Wednesday, November 25, 2009

Fun with fake Flash: an Abode update you don't want

Jericho of (support the Open Security Foundation!) recently asked the VIM mailing list a question: Adobe Flash - vuln or just "design"?
The question, inspired by Mike Bailey's work for Foreground Security, leads to healthy debate, including press and vendor response. But, ironically the same day I received the VIM mail, I was led to explore a slightly different perspective on Adobe Flash issues. Thus, your author doesn't intend to get in the middle of above proposed curmudgeonly discussion.

I am however inspired to be curmudgeonly; grumpy even.

The crux of this conversation is the fact that the oft updated Adobe Flash Player continuously proves to be social engineering attack vector fodder. This is by no means news, or likely a surprise to the 19 of you who read this blog, but I recently stumbled on a real gem in the wild and I thought I'd share.
Whilst defending the Intarwebs from evildoers, I spotted
Explore this site at your peril, the binary sure isn't Adobe's; nor is it any update you want to install.

First, the use of letter juxtaposition (Adobe to Abode) is a pretty smooth endeavor likely to be missed by happily unaware clickers.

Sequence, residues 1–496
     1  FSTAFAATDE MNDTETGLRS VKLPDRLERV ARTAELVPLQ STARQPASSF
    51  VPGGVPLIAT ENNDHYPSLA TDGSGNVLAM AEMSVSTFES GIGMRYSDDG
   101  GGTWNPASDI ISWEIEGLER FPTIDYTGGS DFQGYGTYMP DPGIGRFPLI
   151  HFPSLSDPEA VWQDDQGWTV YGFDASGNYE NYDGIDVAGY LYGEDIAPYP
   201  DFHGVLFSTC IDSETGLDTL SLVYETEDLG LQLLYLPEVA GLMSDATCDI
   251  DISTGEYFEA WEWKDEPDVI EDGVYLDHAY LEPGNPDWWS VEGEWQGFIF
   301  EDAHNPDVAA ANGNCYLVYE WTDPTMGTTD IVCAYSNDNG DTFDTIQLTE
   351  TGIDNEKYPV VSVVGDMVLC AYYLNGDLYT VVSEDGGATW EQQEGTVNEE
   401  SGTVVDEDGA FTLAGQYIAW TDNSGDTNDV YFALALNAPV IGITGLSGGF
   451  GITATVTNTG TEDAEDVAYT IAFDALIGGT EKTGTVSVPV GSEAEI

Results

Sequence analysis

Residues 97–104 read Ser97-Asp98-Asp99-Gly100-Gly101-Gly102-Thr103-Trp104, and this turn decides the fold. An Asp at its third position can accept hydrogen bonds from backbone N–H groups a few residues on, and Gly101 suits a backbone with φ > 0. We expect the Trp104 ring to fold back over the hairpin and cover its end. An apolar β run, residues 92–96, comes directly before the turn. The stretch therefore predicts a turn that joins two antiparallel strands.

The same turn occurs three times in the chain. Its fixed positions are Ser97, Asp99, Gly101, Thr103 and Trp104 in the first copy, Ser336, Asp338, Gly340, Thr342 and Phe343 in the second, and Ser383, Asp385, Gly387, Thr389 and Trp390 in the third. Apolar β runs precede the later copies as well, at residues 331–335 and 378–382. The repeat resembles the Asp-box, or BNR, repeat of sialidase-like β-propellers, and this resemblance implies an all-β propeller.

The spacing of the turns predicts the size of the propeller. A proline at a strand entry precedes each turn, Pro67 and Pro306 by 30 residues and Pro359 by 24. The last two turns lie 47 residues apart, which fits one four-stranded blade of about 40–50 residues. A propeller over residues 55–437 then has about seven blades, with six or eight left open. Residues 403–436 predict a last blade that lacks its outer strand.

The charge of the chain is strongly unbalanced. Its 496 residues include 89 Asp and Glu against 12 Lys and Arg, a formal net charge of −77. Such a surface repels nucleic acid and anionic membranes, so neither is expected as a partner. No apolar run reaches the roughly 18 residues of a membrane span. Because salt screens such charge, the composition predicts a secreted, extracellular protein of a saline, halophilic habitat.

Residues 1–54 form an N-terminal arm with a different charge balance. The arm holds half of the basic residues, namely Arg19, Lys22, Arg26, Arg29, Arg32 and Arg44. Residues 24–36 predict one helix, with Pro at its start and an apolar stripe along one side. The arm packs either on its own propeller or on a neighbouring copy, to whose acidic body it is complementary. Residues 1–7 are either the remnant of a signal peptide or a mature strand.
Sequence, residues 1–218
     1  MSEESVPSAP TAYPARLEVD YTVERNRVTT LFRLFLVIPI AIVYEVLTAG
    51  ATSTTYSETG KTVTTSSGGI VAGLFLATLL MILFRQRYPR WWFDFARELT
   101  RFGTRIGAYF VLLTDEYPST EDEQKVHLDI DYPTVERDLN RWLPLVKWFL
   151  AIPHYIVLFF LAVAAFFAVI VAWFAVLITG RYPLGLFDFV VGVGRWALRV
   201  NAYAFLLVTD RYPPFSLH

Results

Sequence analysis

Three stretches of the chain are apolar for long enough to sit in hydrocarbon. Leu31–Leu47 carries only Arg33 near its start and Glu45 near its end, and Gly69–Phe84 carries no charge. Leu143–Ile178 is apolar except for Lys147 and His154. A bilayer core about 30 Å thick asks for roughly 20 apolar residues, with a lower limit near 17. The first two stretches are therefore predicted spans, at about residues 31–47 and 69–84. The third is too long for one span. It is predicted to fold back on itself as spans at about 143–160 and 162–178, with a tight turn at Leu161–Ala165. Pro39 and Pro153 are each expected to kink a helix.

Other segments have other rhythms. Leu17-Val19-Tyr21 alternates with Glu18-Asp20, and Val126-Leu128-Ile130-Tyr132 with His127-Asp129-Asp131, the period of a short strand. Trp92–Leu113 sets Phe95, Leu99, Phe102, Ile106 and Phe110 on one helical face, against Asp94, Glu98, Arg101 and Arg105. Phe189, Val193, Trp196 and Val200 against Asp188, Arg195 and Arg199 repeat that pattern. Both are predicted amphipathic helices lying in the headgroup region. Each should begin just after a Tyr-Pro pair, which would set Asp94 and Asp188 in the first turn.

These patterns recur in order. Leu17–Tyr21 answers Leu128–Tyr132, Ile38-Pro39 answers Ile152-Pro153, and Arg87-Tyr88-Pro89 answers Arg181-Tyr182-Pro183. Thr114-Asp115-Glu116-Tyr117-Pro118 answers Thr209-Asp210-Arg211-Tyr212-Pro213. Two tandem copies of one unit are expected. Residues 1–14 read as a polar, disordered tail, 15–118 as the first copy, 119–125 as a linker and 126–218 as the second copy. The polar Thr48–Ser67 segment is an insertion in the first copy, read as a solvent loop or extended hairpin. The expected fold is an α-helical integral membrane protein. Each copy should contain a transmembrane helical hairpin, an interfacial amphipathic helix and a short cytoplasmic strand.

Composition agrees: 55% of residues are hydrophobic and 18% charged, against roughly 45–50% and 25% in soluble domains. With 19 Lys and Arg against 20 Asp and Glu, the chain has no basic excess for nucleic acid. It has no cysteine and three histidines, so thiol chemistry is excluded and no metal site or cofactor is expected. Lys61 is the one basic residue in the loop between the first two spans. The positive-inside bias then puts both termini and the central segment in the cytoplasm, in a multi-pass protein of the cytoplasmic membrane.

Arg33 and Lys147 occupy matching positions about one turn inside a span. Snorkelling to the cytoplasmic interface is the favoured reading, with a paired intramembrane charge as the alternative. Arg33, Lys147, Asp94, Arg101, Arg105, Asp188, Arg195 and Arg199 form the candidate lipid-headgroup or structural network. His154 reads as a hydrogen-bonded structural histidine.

Second, the faux page layout is built largely right from the source, Adobe site.

This irony is not lost on me: this "update" page is so pure it includes JSON formatted addon offers from Adobe, including a free McAfee Security Scan. Woot! You're going to likely need one if you install plugin.exe.

Speaking of, plugin.exe is a Trojan-Downloader.Win32.Genome sample that would normally go grab additional ill-intended binaries. Runtime analysis showed some common behaviors, though this sample seemed rather neutered.
1) Spawned a process and created C:\WINDOWS\system32\services.exe
2) Made a call to (hxxp://, now resulting in a 404.
3) Strings output was amusing (highlights parsed):
Buffer overrun detected!
unable to initialize heap
unexpected heap error
show me the money!

Nice. Really?

Who knows what additional evilware once lurked at, but it wasn't likely removed by anyone thinking clearly. The site hosted there is in miserable shape, suffering from numerous issues including SQL injection, horribly managed Frontpage extensions, cross-site scripting, and more. Which is to say, "give any one species too much rope and they'll f**k it up" (Roger Waters from Amused to Death).

So what's the lesson?
Negligence begets opportunity.
Opportunity begets maliciousness.
Maliciousness begets victimization.
Simple, yet entirely preventable.

The above mentioned combination of bad web application security and common malware practices likely means that someone may not have a nice Thanksgiving and that makes me sad. I don't like to be sad.
So beware fake Flash updates and button up your crappy websites so jerkwater ne'er-do-well's have less opportunity, damn it!

I am thankful for my dear family and all 19 of you readers.
Pass the Tofurkey!

Cheers. | digg | Submit to Slashdot

Please support the Open Security Foundation (OSVDB)


Anonymous said...

and we are thankful to you!

Anonymous said...

Yes we are!

Moving blog to

toolsmith and HolisticInfoSec have moved. I've decided to consolidate all content on one platform, namely an R markdown blogdown sit...